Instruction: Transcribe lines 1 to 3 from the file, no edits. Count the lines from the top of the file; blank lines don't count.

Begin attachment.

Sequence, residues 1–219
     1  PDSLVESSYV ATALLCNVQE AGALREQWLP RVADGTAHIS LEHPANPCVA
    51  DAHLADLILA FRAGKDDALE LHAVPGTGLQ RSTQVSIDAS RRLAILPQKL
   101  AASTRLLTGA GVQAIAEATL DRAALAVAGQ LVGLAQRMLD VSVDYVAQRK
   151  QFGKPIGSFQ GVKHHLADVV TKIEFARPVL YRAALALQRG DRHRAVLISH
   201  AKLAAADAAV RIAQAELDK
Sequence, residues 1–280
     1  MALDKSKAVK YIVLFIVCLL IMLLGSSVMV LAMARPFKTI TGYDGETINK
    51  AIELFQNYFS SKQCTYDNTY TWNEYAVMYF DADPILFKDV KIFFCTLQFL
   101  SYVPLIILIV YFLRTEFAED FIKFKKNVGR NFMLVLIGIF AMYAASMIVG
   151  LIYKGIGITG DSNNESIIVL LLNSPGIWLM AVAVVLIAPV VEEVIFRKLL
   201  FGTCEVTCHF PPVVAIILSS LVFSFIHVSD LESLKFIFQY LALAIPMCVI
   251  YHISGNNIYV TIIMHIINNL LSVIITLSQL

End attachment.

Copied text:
Sequence, residues 1–219
     1  PDSLVESSYV ATALLCNVQE AGALREQWLP RVADGTAHIS LEHPANPCVA
    51  DAHLADLILA FRAGKDDALE LHAVPGTGLQ RSTQVSIDAS RRLAILPQKL